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14 Janelia Publications

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    03/31/22 | A natural timeless polymorphism allowing circadian clock synchronization in "white nights".
    Lamaze A, Chen C, Leleux S, Xu M, George R, Stanewsky R
    Nature Communications. 2022 Mar 31;13(1):1724. doi: 10.1038/s41467-022-29293-6

    Daily temporal organisation offers a fitness advantage and is determined by an interplay between environmental rhythms and circadian clocks. While light:dark cycles robustly synchronise circadian clocks, it is not clear how animals experiencing only weak environmental cues deal with this problem. Like humans, Drosophila originate in sub-Saharan Africa and spread North up to the polar circle, experiencing long summer days or even constant light (LL). LL disrupts clock function, due to constant activation of CRYPTOCHROME, which induces degradation of the clock protein TIMELESS (TIM), but temperature cycles are able to overcome these deleterious effects of LL. We show here that for this to occur a recently evolved natural timeless allele (ls-tim) is required, encoding the less light-sensitive L-TIM in addition to S-TIM, the only form encoded by the ancient s-tim allele. We show that only ls-tim flies can synchronise their behaviour to semi-natural conditions typical for Northern European summers, suggesting that this functional gain is driving the Northward ls-tim spread.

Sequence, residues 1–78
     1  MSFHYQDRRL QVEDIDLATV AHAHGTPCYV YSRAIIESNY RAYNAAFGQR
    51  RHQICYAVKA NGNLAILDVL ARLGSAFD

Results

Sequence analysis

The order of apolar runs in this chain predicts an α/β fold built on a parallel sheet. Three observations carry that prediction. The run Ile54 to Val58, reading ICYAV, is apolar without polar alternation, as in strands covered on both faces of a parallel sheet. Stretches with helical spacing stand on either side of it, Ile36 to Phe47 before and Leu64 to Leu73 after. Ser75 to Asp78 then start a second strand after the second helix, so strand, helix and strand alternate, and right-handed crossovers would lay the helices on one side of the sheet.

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    09/28/21 | Connectome-constrained Latent Variable Model of Whole-Brain Neural Activity
    Lu Mi , Richard Xu , Sridhama Prakhya , Albert Lin , Nir Shavit , Aravinthan Samuel , Srinivas C Turaga
    International Conference on Learning Representations. 09/2021:

    The availability of both anatomical connectivity and brain-wide neural activity measurements in C. elegans make the worm a promising system for learning detailed, mechanistic models of an entire nervous system in a data-driven way. However, one faces several challenges when constructing such a model. We often do not have direct experimental access to important modeling details such as single-neuron dynamics and the signs and strengths of the synaptic connectivity. Further, neural activity can only be measured in a subset of neurons, often indirectly via calcium imaging, and significant trial-to-trial variability has been observed. To address these challenges, we introduce a connectome-constrained latent variable model (CC-LVM) of the unobserved voltage dynamics of the entire C. elegans nervous system and the observed calcium signals. We used the framework of variational autoencoders to fit parameters of the mechanistic simulation constituting the generative model of the LVM to calcium imaging observations. A variational approximate posterior distribution over latent voltage traces for all neurons is efficiently inferred using an inference network, and constrained by a prior distribution given by the biophysical simulation of neural dynamics. We applied this model to an experimental whole-brain dataset, and found that connectomic constraints enable our LVM to predict the activity of neurons whose activity were withheld significantly better than models unconstrained by a connectome. We explored models with different degrees of biophysical detail, and found that models with realistic conductance-based synapses provide markedly better predictions than current-based synapses for this system.